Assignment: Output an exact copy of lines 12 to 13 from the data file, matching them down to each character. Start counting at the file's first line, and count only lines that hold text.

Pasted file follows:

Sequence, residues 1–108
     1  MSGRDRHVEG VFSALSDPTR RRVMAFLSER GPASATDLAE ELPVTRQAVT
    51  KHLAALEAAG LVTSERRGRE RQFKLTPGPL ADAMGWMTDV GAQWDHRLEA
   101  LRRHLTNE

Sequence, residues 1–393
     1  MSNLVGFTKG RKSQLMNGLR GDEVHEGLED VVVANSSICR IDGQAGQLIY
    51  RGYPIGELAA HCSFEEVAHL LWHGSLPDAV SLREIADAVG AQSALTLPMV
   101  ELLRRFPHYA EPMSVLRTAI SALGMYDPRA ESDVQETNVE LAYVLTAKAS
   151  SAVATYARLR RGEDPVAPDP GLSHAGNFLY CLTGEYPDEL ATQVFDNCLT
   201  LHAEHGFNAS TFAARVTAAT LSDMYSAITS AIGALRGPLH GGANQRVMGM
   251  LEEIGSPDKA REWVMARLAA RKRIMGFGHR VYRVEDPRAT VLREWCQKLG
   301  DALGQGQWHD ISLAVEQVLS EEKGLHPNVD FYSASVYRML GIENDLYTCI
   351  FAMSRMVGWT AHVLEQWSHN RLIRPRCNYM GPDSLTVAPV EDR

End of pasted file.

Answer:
   301  DALGQGQWHD ISLAVEQVLS EEKGLHPNVD FYSASVYRML GIENDLYTCI
   351  FAMSRMVGWT AHVLEQWSHN RLIRPRCNYM GPDSLTVAPV EDR